Tourism leaders stress the positive during bridge work
Ensuring that visitors not only continue to come to Glenwood Springs during the two years of Grand Avenue bridge construction but that they can find their way around town once they get here is a key concern for local tourism officials.
One of the main messages Glenwood Chamber Resort Association leaders and many owners of tourist-oriented businesses want to get across to their employees and to the residents of Glenwood is to “keep it positive.”
“This will need to be a collaborative effort in order for this to be successful for the community,” chamber President and CEO Marianne Virgili said Thursday during a roundtable discussion among chamber and city tourism promotion board members and others on Thursday.
Virgili said the chamber is planning to produce a “road construction survival guide” to have on hand at the downtown Visitor Information Center and other locations around town.
It will not only inform people how to make their way around the downtown area in particular during the construction, she said, but educate them about the project to replace the 62-year-old bridge structure that connects Highway 82 to Interstate 70.
The guide will include maps pointing to available parking and pedestrian routes, shuttle and bus options, as well as the strong message that businesses located near the construction zone are open.
“We are really excited about this project, and we view this as an opportunity for the chamber to come to the plate on behalf of the community,” Virgili said.
Glenwood Hot Springs Pool President and CEO Kjell Mitchell said the pool has been preparing for some time for the impacts the bridge construction is already creating.
“There’s a misnomer out there that the bridge impacts won’t be for another year, but it’s really happening for us right now,” he said.
Starting Feb. 1, the west parking lot at the Hot Springs Pool will be closed for two years and will be used as the staging area for the Colorado Department of Transportation’s construction contractors.
In anticipation of that, the Hot Springs Pool bought the vacant former Bighorn Toyota dealership lot west on Sixth Street for parking. The pool will run a continuous shuttle from a half hour before the pool opens every day until a half hour after it closes.
“We believe this bridge is going to be a great thing for Glenwood Springs,” Mitchell said, adding the pool, health club and lodge will have information posted about the project to let guests know what’s going on.
“We know our guests will be inconvenienced, but it’s all about educating them, satisfying their needs and providing alternatives to make their stay enjoyable,” he said.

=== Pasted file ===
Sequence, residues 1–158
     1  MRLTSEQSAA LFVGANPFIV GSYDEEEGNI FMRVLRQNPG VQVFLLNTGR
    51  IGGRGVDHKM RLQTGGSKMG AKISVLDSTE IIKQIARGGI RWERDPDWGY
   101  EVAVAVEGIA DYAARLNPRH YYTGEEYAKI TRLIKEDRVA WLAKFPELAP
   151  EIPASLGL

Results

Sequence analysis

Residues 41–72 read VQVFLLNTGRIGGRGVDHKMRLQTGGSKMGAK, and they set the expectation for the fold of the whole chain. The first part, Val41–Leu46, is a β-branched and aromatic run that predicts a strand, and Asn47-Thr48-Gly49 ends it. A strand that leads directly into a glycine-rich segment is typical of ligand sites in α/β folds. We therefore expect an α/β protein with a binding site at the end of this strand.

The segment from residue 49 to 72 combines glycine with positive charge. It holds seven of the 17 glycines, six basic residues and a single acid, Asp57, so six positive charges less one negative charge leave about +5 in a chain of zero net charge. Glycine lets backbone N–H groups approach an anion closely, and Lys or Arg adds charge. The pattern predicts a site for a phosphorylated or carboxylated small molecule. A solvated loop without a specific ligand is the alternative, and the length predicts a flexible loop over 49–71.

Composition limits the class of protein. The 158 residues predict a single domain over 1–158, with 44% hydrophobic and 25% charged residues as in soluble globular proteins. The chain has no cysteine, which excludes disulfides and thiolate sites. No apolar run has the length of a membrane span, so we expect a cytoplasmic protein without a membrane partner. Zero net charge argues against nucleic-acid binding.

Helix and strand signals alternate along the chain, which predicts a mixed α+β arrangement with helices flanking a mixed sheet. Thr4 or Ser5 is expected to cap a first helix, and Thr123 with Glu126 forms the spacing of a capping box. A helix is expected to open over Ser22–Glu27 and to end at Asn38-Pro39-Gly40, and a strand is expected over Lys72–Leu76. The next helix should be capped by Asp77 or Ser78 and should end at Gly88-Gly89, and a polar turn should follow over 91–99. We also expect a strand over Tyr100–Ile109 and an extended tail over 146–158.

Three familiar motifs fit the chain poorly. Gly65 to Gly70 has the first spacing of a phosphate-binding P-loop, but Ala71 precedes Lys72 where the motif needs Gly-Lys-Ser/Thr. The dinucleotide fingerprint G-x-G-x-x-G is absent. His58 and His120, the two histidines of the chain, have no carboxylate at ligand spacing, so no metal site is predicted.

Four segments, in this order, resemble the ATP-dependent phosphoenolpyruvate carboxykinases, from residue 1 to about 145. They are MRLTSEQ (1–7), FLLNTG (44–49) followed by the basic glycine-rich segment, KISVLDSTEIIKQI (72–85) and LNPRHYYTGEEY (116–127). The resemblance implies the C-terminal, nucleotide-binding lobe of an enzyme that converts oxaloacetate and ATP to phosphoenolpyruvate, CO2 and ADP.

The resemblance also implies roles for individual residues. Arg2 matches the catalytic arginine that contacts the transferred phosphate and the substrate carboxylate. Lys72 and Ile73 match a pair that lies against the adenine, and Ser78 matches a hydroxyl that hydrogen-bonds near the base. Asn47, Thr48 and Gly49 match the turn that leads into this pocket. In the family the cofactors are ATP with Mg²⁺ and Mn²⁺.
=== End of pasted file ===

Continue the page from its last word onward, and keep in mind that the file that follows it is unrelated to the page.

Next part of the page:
Make no mistake, the bridge replacement is a huge project and with it will come significant impacts on the way visitors and locals alike get around town and plan their day, said Acting City Manager Andrew Gorgey, who facilitated the meeting.
“This is about as impactive a project as this community will ever have,” he said. “Our choice in dealing with that is to stay positive.”
In addition to the various stakeholder groups that are meeting regularly, including members of the downtown business community and residents, major employers, emergency services personnel and river users who will all be affected, the city is working to make sure all municipal and county government managers from Aspen to Parachute and east along the I-70 corridor are in the loop.
“Our entire mentality with this project and the leadership team is to have an intelligent and adaptive approach to deal with issues as they come up,” Gorgey said.
The closure of some of the on-street parking along Seventh Street during the first weeks of construction work has already proven challenging, especially with the heavy snowfall so far this winter, several of those at the table Thursday noted.
The city, chamber and business groups are working to create a map of available parking in the downtown area, including under-utilized parking lots that are available in some of the fringe areas.
Tourism Board member and Glenwood Adventures owner Ken Murphy said it will be important to make sure people have a good experience once they get here, and not make a big deal about the bridge work before they arrive.
“Making downtown a little more easy to get around has to be our focus,” he said. “As soon as it gets stressful, people are going to say that’s it, I’m going back to Denver and not coming back because it’s a mess.”
Downtown Development Authority Executive Director Leslie Bethel said the DDA plans to invest a fair amount of money this year in sprucing up Grand Avenue and the downtown area in general and make it more attractive for visitors.
That will include $65,000 worth of new flower pots and planters to place along Grand, Cooper and Sixth streets. The DDA is also working to erect informational kiosks on either side of the bridge, which will have a temporary walkway alongside it after the pedestrian bridge is removed this spring to make way for a new one.
A longer-term detour communications plan is also being developed by the bridge project public information team for the three-month period in late 2017 when the current Grand Avenue bridge will be demolished and a Midland Avenue/Eighth Street detour in effect while the final segment of the new bridge is being completed.
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